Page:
The most disruptive companies are continuing to grab the attention of the industry giants they're threatening—as well as investors looking for the next big thing. Five of the 50 companies on last year's second annual CNBC Disruptor 50 list "graduated," meaning they have gone public or been acquired. That's half the number that graduated last year from our 2013 list, and only two successfully pulled off an initial public offering.
So why the decline in exits among the CNBC Disruptor 50, especially after a torrid IPO market pace set in 2014?
Private companies are staying private longer or opting to be taken out by larger rivals. This is according to a recent financing trend reflected in the paths taken by companies on the annual CNBC Disruptor List of closely watched start-ups.
According to Renaissance Capital, an institutional market research firm that tracks the IPO market and offers an IPO ETF, last year marked the most active U.S. IPO market since 2000, with 275 companies going public and raising a stunning $85 billion. But so far this year, the IPO market has slowed dramatically.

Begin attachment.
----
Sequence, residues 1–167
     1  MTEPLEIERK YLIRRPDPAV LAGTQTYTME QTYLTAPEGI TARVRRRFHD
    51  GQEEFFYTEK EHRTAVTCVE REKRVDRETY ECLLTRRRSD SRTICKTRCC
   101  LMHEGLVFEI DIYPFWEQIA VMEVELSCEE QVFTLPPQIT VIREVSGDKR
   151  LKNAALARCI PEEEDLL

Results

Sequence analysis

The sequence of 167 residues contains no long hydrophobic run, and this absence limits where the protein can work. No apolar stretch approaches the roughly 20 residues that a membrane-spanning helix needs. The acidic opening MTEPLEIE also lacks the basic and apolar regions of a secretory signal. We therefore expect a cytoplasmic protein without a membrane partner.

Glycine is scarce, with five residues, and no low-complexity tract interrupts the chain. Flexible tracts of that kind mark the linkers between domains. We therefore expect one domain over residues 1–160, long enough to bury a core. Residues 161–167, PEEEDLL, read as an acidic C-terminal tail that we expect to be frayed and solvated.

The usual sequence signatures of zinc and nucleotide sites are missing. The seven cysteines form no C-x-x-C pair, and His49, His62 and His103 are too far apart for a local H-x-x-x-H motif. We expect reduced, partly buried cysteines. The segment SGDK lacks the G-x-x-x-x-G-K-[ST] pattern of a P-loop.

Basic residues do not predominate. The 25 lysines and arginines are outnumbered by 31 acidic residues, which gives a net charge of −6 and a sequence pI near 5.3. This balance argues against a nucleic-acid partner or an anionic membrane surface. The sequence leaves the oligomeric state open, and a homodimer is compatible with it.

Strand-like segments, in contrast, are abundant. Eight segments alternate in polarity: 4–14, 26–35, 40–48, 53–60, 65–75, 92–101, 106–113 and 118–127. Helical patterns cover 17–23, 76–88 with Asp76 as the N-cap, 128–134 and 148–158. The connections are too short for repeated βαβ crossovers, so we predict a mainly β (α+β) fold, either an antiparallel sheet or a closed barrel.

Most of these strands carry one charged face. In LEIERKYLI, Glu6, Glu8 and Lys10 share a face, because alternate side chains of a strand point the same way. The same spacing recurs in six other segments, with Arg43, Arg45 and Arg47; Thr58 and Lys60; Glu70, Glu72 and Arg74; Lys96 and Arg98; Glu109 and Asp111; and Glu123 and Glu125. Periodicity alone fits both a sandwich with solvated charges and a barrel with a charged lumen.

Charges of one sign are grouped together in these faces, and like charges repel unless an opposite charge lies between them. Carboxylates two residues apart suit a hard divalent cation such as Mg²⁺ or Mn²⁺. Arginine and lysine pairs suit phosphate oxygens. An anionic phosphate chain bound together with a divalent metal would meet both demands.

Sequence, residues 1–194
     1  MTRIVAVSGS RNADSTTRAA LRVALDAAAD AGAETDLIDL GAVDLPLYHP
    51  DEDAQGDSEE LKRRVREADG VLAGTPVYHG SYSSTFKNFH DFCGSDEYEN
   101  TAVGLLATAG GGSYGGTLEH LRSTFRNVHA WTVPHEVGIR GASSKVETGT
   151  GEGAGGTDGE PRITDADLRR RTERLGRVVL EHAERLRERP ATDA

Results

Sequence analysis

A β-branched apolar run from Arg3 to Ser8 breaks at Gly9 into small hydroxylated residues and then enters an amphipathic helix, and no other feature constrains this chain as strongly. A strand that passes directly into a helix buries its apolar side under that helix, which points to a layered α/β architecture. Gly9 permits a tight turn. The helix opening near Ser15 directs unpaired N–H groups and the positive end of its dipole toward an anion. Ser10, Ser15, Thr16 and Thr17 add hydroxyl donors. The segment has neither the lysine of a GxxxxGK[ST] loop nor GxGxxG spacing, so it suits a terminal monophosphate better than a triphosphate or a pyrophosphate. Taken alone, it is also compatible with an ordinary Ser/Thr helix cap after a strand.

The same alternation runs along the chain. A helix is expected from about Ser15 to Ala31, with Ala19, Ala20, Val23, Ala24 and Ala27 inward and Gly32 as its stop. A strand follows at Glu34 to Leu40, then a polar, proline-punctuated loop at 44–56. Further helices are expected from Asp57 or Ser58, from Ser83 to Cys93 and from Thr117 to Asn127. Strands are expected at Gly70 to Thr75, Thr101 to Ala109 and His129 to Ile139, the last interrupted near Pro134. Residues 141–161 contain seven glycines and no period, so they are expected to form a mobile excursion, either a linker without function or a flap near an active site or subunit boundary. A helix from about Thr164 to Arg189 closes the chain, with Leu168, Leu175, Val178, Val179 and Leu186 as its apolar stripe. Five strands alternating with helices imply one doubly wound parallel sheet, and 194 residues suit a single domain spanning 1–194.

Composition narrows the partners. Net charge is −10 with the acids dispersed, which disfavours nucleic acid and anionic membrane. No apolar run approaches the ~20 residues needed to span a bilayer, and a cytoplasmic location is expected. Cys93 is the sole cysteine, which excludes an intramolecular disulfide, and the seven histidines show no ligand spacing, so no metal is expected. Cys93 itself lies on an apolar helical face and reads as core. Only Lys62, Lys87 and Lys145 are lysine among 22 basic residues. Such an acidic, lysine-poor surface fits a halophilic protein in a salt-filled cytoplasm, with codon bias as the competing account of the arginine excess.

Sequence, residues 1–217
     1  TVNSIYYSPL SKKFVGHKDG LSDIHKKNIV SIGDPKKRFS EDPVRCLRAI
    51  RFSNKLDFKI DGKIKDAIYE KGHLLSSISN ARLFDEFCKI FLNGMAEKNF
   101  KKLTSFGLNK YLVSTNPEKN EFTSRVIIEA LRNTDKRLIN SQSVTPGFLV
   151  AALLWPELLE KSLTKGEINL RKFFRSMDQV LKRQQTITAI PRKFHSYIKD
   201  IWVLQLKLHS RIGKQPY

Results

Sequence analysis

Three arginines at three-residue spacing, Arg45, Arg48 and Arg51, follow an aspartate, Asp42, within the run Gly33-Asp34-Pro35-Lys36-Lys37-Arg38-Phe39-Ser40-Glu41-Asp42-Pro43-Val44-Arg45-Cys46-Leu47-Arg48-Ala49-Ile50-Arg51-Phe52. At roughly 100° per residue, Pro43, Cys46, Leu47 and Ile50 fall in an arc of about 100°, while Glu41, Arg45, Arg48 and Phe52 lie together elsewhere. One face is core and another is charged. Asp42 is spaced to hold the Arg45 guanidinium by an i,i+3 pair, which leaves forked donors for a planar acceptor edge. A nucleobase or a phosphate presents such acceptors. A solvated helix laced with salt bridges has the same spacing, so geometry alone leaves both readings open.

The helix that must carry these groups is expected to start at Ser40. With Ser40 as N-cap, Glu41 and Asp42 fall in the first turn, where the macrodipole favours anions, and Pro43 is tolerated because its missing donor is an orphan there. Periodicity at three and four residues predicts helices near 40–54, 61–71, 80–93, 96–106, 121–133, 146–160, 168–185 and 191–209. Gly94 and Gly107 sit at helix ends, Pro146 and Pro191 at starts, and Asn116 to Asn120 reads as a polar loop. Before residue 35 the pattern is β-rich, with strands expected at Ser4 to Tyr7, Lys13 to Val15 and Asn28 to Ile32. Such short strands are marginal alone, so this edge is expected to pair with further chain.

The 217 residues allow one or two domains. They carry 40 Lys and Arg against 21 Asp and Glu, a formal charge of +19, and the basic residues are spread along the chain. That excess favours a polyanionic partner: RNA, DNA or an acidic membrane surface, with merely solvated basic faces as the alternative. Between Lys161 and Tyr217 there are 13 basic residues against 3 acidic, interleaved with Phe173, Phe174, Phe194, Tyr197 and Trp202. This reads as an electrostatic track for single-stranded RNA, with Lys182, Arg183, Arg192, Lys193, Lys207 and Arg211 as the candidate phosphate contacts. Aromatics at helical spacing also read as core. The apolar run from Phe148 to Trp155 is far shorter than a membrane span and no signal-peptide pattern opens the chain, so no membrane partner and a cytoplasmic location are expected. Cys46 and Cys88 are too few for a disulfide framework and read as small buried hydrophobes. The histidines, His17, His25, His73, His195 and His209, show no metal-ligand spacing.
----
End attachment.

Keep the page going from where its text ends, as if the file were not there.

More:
The 34 IPOs in the first quarter raised $5.4 billion, making it the least-active quarter by IPO count since the the first quarter of 2013 and the smallest amount of IPO proceeds raised since the the third quarter of 2011. The proportion of IPOs with negative first-day returns remained above 30 percent for the second quarter in a row, according to Renaissance.
Market volatility, as well as widespread availability of private funding at very high valuations, dampened enthusiasm to seek IPO capital.
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Another important factor in the lower deal proceeds overall was a lot less private equity-backed leveraged buyouts coming back into the public market, which tend to be bigger. Nevertheless, the shift in IPO investor sentiment can be seen in secondary equity deals for existing public companies, which have been faring better on a relative basis than IPOs.